I try to keep my heart and mind in everything focused on God and always asking Lord give me discernment in all things. Shorting through everything out there is a very big task I think it’s beyond ourselves.
I believe best place to be is in Gods word at all times and if we hear, see or read anything that might sound strange ask the Holy Spirit to lead us and guide in all truth.
I have people in our family in same place, I just say ok but inside I am asking God help me what are you saying? I believe its a safe place to be.

Blessings.

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Hi Brendan!

Thank you so much for bringing up this timely discussion. I appreciate your thoughtful questions and I’m grateful to be thinking of how we might respond with grace and truth.

In addition to @artownsend’s examples I think, specifically, of the Salem Witch Trials which led to mass fear and panic and ultimately the deaths of innocent people.

I think it is healthy to exercise critical thinking, to do our own research, and to explore curiosities. We should do this all the while asking for discernment, as @reshwfhg points out, and weighing things against the truth of God’s word. Things become unhealthy when our extracurricular beliefs begin to affect how we treat or view other people. If our belief in unproven speculation causes us to become prideful, overly cynical, demeaning, or less loving and compassionate, we need to reevaluate.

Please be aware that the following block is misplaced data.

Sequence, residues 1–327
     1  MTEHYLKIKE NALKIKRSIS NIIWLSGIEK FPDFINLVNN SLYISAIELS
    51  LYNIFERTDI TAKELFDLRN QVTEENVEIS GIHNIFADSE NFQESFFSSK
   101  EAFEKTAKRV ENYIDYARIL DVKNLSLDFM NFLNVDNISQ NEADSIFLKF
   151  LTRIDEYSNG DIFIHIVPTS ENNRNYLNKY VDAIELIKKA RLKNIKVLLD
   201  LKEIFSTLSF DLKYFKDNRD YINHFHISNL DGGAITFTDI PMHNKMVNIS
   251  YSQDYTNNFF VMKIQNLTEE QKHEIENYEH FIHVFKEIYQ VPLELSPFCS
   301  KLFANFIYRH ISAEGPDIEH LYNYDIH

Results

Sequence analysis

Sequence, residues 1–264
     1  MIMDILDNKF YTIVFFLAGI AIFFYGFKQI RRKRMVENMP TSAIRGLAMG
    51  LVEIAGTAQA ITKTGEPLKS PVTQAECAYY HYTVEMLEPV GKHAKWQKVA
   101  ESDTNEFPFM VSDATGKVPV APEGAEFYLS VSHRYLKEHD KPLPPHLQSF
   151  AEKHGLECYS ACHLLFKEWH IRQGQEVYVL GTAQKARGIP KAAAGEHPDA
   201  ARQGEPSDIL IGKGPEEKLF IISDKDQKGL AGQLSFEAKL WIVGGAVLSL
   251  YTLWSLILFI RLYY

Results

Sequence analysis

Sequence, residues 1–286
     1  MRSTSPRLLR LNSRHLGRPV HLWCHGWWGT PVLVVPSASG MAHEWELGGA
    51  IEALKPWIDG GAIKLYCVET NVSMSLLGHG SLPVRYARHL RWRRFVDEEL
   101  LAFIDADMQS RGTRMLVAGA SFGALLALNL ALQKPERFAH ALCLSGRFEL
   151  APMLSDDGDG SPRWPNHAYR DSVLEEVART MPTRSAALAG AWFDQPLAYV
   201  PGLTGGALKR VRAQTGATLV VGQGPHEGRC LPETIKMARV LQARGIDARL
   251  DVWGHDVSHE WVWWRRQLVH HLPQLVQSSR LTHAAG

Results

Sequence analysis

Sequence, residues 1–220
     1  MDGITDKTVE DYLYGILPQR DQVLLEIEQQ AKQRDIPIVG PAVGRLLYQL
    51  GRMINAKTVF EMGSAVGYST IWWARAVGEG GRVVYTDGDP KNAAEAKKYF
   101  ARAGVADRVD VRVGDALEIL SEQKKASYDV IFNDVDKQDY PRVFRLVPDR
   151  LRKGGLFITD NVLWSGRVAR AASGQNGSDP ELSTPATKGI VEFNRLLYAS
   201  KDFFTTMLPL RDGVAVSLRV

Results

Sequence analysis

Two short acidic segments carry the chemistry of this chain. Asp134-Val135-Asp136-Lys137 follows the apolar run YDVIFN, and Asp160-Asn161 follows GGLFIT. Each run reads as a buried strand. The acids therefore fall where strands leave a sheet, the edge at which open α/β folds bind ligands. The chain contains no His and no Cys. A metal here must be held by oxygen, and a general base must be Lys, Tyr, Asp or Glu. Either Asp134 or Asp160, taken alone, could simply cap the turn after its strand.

Again, I love Alison’s thoughts on this

And her admonition to go back to scripture. We can find common ground with other professing believers under the authority of scripture. Also, if their beliefs and words are outwardly hurting or alienating a certain group/individual, we can call them out in love and grace.

More and more, truth is being obscured in our society, yet as Christians we follow Jesus-- THE Truth. We should remember that as Christ’s ambassadors, we carry His truth and with that privilege comes responsibility to steward all truth well.

The article linked below makes a good point.

When we bear false witness, we establish a reputation for blindly succumbing to unverifiable or groundless stories. How can we effectively witness when we have negligently borne false witness? How can we then claim to be the body of truth itself? When we spread conspiracy theories and fake news, we discredit ourselves, and we allow the gospel to be discredited as well.”

I urge you to live a life worthy of the calling you have received. Be completely humble and gentle; be patient, bearing with one another in love. Make every effort to keep the unity of the Spirit through the bond of peace. Ephesians 4:2.3

Preach the word; be prepared in season and out of season; correct, rebuke and encourage—with great patience and careful instruction. For the time will come when people will not put up with sound doctrine. Instead, to suit their own desires, they will gather around them a great number of teachers to say what their itching ears want to hear. They will turn their ears away from the truth and turn aside to myths. But you, keep your head in all situations, endure hardship, do the work of an evangelist, discharge all the duties of your ministry. 2 Timothy 4:2-5

Beloved, do not believe every spirit, but test the spirits to see whether they are from God, for many false prophets have gone out into the world. By this you know the Spirit of God: every spirit that confesses that Jesus Christ has come in the flesh is from God, and every spirit that does not confess Jesus is not from God… 1 John 4:1-3

Thanks again, for the discussion, Brendan. May we seek to steward these times and opportunities wisely.

This is the article quoted above.